What is colposcopy?
Colposcopy is a procedure which involves a more detailed examination of the cervix. Instead of looking at the cervix with the naked eye, [as when your practice nurse or GP took your cervical sample (smear)], the colposcopist uses a special magnifying binoculars to see the changes at high magnification.
This involves you setting on a special gynaecological bed with leg rests. The doctor or nurse uses a speculum, which is the instrument your GP or practice nurse used to see your cervix when taking your cervical sample and looks through the colposcope at your cervix.
Some clinics may be equipped with camera equipment so that you can watch the examination if you wish. Many clinics take a picture for your records and you will be asked beforehand if you are agreeable to this being done. The pictures are helpful for comparison, if you have to return for a repeat examination.
The examination may take a little longer than a standard smear test, but the doctor or nurse performing the colposcopy will talk to you, before and during the examination and tell you what is being done.
Watch this video to find out more about your colposcopy visit
How the colposcopist makes a diagnosis
Most colposcopists use a combination of the acetic acid and Schiller’s iodine tests. If there is an abnormality the colposcopist should be able to estimate whether it is a likely pre-cancerous abnormality or not according to:
- How white the tissue goes after using acetic acid
- How quickly the tissue turns white
- How smooth or irregular the surface is
- The different patterns of the blood vessels (mosaic and punctation) under the surface of the cervix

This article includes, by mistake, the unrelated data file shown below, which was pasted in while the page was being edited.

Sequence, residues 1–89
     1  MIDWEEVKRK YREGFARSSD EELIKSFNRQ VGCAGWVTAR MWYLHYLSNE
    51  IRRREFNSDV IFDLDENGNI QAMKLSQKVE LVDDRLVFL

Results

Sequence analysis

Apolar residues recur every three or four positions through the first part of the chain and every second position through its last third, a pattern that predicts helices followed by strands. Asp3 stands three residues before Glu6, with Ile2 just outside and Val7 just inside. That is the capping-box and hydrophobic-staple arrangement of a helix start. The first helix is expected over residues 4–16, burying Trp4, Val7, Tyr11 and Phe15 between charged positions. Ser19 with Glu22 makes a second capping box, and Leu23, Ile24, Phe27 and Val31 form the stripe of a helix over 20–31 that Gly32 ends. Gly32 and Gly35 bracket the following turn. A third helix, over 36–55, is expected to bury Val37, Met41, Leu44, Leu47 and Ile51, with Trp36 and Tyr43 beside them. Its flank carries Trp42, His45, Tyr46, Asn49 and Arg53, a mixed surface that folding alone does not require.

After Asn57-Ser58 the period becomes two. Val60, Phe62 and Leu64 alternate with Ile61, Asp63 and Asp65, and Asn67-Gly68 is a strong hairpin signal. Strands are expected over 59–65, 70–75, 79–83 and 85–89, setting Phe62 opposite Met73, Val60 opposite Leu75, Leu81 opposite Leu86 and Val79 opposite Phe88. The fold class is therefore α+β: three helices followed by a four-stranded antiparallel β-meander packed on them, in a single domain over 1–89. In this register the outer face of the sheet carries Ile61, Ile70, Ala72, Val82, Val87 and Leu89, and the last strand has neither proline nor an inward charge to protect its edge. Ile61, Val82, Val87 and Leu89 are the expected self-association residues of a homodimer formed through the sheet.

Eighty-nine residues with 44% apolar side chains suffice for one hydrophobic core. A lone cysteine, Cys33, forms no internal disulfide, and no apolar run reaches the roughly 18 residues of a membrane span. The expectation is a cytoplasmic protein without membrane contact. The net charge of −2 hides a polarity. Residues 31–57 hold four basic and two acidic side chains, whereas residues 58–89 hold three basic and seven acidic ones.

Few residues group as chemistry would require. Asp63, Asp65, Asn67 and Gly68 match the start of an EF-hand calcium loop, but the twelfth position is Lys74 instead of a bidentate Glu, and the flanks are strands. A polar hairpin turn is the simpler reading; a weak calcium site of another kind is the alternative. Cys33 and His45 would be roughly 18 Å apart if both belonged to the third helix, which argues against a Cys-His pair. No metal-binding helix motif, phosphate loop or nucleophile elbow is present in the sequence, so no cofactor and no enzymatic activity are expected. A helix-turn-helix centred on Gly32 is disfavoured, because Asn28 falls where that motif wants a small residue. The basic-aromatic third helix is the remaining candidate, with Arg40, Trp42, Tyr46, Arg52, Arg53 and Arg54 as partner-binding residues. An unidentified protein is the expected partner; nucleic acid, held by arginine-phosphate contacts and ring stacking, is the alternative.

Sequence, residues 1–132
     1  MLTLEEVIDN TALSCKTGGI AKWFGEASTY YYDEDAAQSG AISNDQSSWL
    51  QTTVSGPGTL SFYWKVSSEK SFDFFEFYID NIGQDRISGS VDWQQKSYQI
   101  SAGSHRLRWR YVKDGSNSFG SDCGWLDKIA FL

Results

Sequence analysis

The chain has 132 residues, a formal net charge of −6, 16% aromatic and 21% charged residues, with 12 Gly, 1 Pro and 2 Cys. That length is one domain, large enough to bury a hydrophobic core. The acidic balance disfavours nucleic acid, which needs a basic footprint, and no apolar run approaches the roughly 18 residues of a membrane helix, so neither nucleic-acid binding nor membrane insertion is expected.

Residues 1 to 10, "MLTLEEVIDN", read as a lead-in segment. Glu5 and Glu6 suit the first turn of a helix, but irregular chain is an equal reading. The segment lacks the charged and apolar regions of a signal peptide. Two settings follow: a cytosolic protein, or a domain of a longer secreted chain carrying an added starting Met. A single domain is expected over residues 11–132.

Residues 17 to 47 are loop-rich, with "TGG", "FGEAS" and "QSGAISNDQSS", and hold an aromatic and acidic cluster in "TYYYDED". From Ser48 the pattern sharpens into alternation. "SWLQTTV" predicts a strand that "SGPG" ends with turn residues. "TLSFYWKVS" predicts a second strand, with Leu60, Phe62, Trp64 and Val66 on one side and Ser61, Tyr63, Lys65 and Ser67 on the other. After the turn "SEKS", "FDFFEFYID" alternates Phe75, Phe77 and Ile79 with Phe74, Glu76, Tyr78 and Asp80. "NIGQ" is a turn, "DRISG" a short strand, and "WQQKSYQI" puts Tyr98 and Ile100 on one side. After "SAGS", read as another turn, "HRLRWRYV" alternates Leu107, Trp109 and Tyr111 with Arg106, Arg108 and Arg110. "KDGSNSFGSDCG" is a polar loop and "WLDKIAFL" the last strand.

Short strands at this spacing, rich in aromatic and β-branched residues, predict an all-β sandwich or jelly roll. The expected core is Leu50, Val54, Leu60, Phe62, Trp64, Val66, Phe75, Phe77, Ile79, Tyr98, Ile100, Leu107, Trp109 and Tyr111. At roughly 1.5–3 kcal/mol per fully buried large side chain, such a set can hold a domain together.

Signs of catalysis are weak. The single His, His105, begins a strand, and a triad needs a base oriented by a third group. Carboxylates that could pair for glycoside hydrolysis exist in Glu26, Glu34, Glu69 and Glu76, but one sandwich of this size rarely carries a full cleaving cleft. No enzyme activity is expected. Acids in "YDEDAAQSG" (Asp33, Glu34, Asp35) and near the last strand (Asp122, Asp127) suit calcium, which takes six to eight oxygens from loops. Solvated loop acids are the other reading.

Confirming the diagnosis with a biopsy
To be sure of the diagnosis, a biopsy is often required – this means taking a small sample of tissue from the cervix with a special instrument. This sample is taken very quickly and often does not require local anaesthetic. Depending on the results of this biopsy the colposcopist will decide whether you need treatment or not.
Getting your results
Your colposcopist will talk to you after the procedure, providing an opportunity for you to ask questions about the findings and what will happen next. If a sample has been taken (biopsy) you will receive a letter with the results. Usually this takes less than four weeks but can take up to eight weeks. The letter will confirm the findings and let you know what the recommended best next step is.
In many cases the results confirm that you have no abnormal changes in which case you will be discharged to have a repeat screening test in the community at a time suggested in the letter.
Often only minor changes are detected - in this case you may not need active treatment but a plan could include more frequent checks until they resolve. In many cases these checks can be done in the community.
Some changes can be identified which will not resolve by themselves. In this case a treatment will be planned. A follow up appointment will be made for you to discuss the findings and the plan with a colposcopist. In most cases treatments can be performed easily using local anaesthetic in the colposcopy clinic.